More about what you eat than how much you eat. The Insulin Index Diet is more about what you eat than how much you eat. The idea behind this diet is that certain foods trigger greater release of insulin than others. The more insulin released after eating a particular food, the more completely fatty acids are going to be cleared out of your bloodstream. All other things being equal, you lose more weight when you can keep your insulin levels low.

Which foods trigger high release of insulin? Courtesy of the American Journal of Clinical Nutrition, and researchers Suzanne H. A. Holt, Jenni Brand-Miller, and Peter Petrocz of the University of Sydney (Australia), here is a ranking of how much insulin is secreted in response to a 240 calorie (1000kJ) portion of each food. The higher the number, the more insulin release it triggers.

Breakfast Cereals (served with low-fat milk):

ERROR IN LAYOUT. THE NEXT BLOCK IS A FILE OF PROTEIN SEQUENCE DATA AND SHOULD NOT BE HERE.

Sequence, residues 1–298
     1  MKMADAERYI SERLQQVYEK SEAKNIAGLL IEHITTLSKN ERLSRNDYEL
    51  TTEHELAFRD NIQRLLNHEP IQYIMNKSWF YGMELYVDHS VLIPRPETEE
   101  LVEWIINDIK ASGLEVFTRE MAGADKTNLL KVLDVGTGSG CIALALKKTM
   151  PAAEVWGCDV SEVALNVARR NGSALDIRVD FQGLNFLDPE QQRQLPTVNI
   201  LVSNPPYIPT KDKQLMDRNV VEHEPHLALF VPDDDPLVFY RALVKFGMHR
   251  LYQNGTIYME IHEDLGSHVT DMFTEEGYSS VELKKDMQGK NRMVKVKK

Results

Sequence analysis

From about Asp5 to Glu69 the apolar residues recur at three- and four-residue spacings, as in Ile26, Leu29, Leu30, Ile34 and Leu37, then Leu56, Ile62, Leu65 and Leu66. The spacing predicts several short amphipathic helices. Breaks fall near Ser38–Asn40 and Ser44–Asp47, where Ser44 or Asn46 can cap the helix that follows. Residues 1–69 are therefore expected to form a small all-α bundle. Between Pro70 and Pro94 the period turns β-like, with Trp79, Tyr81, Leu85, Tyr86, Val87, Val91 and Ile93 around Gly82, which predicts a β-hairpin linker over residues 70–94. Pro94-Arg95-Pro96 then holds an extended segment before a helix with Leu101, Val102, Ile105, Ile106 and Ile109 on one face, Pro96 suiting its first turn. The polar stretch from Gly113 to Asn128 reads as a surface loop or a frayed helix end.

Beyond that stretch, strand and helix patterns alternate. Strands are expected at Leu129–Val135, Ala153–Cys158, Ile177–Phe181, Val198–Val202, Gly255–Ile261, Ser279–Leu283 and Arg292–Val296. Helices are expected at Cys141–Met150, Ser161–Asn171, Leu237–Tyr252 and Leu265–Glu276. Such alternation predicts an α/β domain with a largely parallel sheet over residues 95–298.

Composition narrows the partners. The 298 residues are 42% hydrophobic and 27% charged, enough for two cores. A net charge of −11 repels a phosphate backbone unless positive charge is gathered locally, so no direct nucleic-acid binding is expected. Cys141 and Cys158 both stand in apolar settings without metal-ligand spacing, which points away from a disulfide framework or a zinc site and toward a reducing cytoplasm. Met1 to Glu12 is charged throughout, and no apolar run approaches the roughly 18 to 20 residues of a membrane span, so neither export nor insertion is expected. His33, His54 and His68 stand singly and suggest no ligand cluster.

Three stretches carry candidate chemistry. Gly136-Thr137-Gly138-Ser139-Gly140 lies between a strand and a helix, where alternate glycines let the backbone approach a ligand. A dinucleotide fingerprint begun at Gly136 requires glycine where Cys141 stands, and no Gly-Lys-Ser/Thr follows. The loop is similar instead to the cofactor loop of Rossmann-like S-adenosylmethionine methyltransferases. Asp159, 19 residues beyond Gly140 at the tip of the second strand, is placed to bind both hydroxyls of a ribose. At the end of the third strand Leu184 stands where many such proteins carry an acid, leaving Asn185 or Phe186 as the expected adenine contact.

• All-Bran™ 4299
  • Porridge (raw rolled oats, microwaved) 5093
  • Natural muesli (raw rolled oats, dried fruits, nuts) 6034
  • Special K™ 8038
  • Cornflakes™ 8768
  • Sustain™ 8938
  • Honeysmacks™ 9102

Carbohydrate-rich Foods:

  • White Pasta 4455
  • Brown Pasta 4535
  • Brown Rice (boiled) 6240
  • Rye Bread 6659
  • French Fries (McCain’s oven fries) 7643
  • White Rice (boiled) 8143
  • Wholemeal Bread 11203
  •  White Bread 12882
  • Russet Potatoes (boiled and peeled) 13930

High-Protein Foods:

  • Eggs (poached) 4744
  • Cheddar Cheese 5994
  • Beef Fillets (trimmed of visible fat and grilled) 7910
  • Lentils (served in tomato sauce) 9268
  • Ling Fish (steamed) 9350
  • Baked Beans (heated canned beans) 20106

Fruit:

  • Apples 8919
  • Oranges 9345
  • Grapes 12293
  • Bananas 12445

Snacks and Candies:

  • Peanuts 3047
  • Popcorn (microwaved) 6537
  • Potato Chips 8195
  • Ice Cream 12348
  • Yogurt 15611
  • Mars Bar™ 16682
  • Jellybeans 22860

Bakery Goods:

  • Doughnuts with cinnamon sugar 12445
  • Croissants 13097
  • Iced Chocolate Cake 14305
  • Water crackers 14673
  • Cookies (chocolate chip) 15223

The idea here is the foods that cause the lowest secretion of insulin are the foods that are least likely to cause the accumulation of body fat. Calorie for calorie, foods with the highest insulin score are the most likely to cause weight gain. The foods with the lowest insulin score are the least likely to cause weight gain.